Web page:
Today, there are all kinds of engaging safety training videos available. You can participate in live training, virtual training, or recorded training, but consistency is critical. Some regulations mandate that certain training occurs at regular intervals, so ensure that you are at a minimum meeting these regulations.

4. All hazards can be safeguarded

Hazards may be inevitable, but accidents are not. Similar to point number two, everyone in the organization needs to believe that all hazards and all emergency situations can be identified, anticipated, and planned for ahead of time.

In an emergency, we all hope we would proceed in a calm, clear-headed manner to assess the situation and identify the appropriate actions to be taken. But in an actual emergency, the people who respond with a level head are usually the ones who have already thought carefully about and prepared for potential hazards in advance.

What do you do if your clothes catch fire? Everyone knows “stop, drop and roll,” but what will you do after that? Scream? Call 911? Take off your clothes? The time to think is before the emergency, before your amygdala takes over.

5. Safety is good business

Thoughtful safety programs directly protect personnel, equipment, and product, but there are indirect benefits as well. When a company puts the health and safety of people above profits, employees feel valued and cared for, which pays off in terms of worker satisfaction, productivity, and retention. In addition, the same analytic processes, training, and reporting that are essential to good safety also improve quality control. As a result, labs that consistently demonstrate good safety performance typically have high-quality products and higher profits. On the other hand, accidents and injuries can cost an organization in lost time, equipment damage, noncompliance fines, litigation, as well as in the reputation of the organization.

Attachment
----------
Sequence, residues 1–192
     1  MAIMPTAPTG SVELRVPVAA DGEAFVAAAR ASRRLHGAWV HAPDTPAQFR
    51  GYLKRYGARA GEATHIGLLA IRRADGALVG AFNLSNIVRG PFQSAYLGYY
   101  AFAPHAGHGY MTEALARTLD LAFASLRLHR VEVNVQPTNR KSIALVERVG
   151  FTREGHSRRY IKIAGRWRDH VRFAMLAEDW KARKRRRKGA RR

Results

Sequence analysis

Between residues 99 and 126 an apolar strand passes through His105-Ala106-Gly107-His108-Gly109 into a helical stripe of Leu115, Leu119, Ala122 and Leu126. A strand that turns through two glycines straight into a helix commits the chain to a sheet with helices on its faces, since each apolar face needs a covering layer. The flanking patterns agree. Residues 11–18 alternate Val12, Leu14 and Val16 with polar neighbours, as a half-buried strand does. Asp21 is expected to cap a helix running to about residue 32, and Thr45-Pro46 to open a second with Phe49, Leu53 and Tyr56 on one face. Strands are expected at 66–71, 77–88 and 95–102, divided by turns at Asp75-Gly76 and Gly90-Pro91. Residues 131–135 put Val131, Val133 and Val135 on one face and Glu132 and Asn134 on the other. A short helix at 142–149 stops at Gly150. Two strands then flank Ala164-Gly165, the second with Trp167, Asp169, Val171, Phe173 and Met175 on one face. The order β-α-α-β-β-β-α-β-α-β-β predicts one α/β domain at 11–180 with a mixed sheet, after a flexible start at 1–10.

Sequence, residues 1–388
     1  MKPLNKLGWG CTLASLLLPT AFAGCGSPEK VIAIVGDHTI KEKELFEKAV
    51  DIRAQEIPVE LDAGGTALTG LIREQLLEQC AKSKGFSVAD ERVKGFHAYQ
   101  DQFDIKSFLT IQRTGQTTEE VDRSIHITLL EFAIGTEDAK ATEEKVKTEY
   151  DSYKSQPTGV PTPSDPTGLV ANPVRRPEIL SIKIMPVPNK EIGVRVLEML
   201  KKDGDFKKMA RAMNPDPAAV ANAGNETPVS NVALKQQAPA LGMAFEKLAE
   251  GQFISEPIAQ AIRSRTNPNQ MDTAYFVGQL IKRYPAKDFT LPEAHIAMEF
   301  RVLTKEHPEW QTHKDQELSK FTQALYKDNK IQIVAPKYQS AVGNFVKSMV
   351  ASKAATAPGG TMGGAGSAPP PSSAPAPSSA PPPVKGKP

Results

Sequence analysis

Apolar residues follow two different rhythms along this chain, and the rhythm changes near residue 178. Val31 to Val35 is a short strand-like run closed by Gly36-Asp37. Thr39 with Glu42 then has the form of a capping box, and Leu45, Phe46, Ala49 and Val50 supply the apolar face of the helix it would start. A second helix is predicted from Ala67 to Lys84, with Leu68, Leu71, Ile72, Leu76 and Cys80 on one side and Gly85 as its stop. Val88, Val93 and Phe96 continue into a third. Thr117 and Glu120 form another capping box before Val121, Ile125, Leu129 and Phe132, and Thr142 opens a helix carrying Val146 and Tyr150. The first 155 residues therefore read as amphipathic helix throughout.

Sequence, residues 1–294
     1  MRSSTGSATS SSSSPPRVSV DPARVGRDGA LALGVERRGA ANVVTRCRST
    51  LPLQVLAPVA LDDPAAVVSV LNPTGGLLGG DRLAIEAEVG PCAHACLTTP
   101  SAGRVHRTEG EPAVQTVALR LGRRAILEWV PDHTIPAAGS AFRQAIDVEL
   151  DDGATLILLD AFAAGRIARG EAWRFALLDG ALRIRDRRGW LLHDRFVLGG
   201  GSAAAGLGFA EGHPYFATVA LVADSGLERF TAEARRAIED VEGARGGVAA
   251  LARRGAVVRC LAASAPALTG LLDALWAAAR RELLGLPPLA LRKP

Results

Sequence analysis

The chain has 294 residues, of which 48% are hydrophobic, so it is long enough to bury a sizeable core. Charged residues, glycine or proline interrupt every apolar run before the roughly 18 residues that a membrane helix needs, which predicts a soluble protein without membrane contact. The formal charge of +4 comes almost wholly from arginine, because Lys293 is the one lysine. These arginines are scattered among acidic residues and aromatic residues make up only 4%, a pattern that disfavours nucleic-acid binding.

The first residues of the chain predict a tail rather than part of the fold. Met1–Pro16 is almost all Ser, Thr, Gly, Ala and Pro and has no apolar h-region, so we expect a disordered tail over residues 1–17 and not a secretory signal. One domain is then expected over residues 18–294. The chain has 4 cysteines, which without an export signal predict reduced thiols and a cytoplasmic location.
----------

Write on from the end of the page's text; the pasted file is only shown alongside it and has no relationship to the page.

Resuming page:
A good reputation is among the top assets for most scientific organizations, emphasizing that lab safety is a non-negotiable aspect of management. A moment of carelessness can result in tragedy and the long-term loss of public trust.

6. Working safely is a condition of employment

This stance gives teeth to your lab safety program and sends a straightforward message that you’re serious about safety because you care about your employees’ lives and health. 

This approach should not be mistaken as using fear and threats to motivate people, but as a mutual understanding that if lab managers don’t respect staff health and safety, it may cost managers the privilege of working with staff, and vice versa. After all, termination for not working safely may prevent more serious consequences for everyone involved.

Three wishes

These three phrases are common wishes among many lab workers:

  • I wish our president and direct reports cared more about environmental health and safety.
  • I wish our president and direct reports were more actively involved in environmental health.
  • I wish our organization would budget more money for this.

The formula to get these three wishes granted doesn’t involve any magic. But there are four magic words: “I need your help.” Get others involved and share the responsibility. Employees can actually set the pace and make real changes in their organization, and it doesn’t have to involve a purchase order or a requisition. That’s what grows the culture of safety.

Connor Michael of the Laboratory Safety Institute contributed to this article.